Not our standard Easter

Not our standard Easter

Neither husband or I have big families. If we were part of an actual family tree, it would probably be a bit stunted or maybe compact is a better word. Branchy but not full. Maybe like a small bonsai.

Some branches have been clipped over long forgotten arguments, others have fallen off due to distance, with oceans separating them. Others have simply died off from a lack of love. That happens with trees. And families as well.

I’ve sometimes looked at larger families and felt a twinge of envy for the camaraderie that seems to exist. Always a cousin or a sibling to bounce things off, to share things with. Big gatherings at Easter and Christmas, a long list of traditions influenced by this motley group of personalities and histories.

Yet, a smaller family isn’t a bad thing. Less personalities to cater for, more time for each other. Not as pulled in different directions. And over time we’ve extended the family to include friends, who are now included in mix, whether they like it or not.

And as for traditions, we’ve simply built our own. Easter in particular has been a time for the three of us; husband, Poss and me. Over the years we’ve gone camping, away with friends or simply shared the day together.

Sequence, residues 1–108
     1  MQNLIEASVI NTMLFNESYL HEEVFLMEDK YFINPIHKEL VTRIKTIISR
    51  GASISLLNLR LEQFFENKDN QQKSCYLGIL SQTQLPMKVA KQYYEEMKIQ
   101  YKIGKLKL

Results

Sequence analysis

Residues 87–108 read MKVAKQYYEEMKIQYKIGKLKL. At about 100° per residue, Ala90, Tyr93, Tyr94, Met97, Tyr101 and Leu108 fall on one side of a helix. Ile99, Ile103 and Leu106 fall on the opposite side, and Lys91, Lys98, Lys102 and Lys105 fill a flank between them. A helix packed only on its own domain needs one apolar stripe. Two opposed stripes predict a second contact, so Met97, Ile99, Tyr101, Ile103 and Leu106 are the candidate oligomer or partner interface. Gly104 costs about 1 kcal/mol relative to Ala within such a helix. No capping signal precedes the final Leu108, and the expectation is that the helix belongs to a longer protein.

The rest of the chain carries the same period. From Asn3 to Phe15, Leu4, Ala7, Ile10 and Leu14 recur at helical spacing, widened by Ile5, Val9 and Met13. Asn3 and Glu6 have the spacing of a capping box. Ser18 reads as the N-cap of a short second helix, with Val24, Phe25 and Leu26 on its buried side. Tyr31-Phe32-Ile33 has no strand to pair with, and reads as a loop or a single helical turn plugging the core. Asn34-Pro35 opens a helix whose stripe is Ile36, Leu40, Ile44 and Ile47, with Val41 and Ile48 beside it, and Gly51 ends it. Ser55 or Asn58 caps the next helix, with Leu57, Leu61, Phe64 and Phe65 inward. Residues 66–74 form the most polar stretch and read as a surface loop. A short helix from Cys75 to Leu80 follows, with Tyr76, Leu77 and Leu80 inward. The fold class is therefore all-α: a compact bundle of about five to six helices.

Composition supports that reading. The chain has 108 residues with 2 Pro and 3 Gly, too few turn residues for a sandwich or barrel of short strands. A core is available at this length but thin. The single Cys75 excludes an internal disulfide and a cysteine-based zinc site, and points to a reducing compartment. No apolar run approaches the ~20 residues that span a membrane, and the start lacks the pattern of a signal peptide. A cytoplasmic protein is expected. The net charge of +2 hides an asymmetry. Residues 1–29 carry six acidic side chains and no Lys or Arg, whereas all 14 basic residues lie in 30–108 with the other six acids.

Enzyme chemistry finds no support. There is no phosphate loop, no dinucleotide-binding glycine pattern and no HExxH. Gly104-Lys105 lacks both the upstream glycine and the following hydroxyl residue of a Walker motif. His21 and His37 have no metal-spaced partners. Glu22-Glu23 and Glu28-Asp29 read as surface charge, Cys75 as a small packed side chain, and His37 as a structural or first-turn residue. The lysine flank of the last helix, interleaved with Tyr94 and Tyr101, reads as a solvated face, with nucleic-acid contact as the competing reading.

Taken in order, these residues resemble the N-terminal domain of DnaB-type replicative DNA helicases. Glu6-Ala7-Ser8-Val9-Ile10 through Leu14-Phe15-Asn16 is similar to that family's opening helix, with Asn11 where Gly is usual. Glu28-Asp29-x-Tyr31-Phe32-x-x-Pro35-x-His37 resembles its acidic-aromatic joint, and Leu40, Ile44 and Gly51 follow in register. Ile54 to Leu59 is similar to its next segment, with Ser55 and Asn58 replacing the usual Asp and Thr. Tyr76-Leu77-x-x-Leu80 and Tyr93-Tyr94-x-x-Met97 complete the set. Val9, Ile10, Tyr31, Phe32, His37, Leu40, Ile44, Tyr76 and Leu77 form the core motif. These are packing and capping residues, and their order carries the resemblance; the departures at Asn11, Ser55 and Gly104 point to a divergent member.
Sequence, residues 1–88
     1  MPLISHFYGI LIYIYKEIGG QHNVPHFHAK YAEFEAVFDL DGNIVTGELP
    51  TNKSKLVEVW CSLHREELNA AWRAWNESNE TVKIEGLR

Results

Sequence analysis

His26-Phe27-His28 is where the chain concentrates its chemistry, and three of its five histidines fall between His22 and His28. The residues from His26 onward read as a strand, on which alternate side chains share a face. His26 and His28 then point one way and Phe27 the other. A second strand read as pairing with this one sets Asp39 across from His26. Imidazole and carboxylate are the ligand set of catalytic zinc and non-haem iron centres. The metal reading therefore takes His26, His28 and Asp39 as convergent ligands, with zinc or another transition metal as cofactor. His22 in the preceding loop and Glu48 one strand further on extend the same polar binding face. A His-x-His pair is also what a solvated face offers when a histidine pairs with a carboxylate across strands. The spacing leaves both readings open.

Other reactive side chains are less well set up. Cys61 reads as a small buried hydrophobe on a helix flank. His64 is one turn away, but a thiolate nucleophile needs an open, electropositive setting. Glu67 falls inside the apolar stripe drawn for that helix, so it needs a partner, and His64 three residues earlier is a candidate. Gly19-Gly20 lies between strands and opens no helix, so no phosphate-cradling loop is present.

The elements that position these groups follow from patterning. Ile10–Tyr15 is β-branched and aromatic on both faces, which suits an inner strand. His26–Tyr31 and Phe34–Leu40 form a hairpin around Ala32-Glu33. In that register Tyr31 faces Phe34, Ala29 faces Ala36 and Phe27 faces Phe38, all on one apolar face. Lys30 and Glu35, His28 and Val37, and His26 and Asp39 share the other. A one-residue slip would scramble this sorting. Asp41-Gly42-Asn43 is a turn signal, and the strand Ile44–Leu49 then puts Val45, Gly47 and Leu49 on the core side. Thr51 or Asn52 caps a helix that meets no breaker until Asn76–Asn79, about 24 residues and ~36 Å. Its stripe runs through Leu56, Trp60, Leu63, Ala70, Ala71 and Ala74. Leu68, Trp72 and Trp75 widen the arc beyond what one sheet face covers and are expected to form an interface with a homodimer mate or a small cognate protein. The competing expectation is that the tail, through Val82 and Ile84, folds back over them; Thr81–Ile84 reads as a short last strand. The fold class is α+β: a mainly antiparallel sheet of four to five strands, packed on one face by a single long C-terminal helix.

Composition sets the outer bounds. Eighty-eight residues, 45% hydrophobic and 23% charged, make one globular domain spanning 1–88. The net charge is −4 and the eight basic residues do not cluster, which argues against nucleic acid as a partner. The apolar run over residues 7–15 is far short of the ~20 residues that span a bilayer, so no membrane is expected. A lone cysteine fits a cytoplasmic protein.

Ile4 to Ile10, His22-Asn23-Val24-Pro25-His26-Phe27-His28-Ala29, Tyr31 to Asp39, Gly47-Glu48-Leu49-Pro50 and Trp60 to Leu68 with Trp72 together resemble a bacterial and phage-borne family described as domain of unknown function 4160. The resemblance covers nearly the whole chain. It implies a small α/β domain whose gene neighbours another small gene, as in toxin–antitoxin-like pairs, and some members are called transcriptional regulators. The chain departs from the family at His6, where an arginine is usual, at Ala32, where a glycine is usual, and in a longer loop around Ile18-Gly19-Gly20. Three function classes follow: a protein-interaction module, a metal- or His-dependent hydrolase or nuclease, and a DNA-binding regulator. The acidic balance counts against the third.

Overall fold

Placed at the end of term one, since Poss started school, this time has been even more important. It’s like a re-set button after all the stress of getting back into the school year; a chance to stop and gather our bearings again before the rest of the year.

Appropriate given the traditional meaning of Easter: a time for re-birth and renew. Hence the chickens, eggs and bunnies. Or something like that.

This year has been a bit different.

Husband has been away with his parents interstate, leaving Poss and I at home by ourselves. So the little things we’ve always done as a three, have been put on hold and instead, Poss and I have had make up our own.

So, we’ve filled the time with endless episodes of Full House (remember that 90’s show? It’s Poss’ new favourite and I’m not complaining) and a Harry Potter marathon on Foxtel. We’ve baked, and eaten. We’ve ridden our bikes and walked the dog. We’ve napped. We made soup. We hunted for easter eggs and spent time with my parents.

While it’s not been our standard Easter, it’s been just what we needed nonetheless. With only two of us in the house, the needs of each have become easier to meet. I’m sure there’s some complicated social maths in there somewhere.

Whatever. While it’s been nice, we’ll be doing the airport run tonight and our family will be complete again. And with a school holidays still stretching ahead of us, I’m sure we’ll make up the time and reclaim some of those traditions.

How do you spend the Easter break? Any traditions that always need to be upheld?

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Comments

  1. Karan White says:

    Sounds like a perfect break to me!

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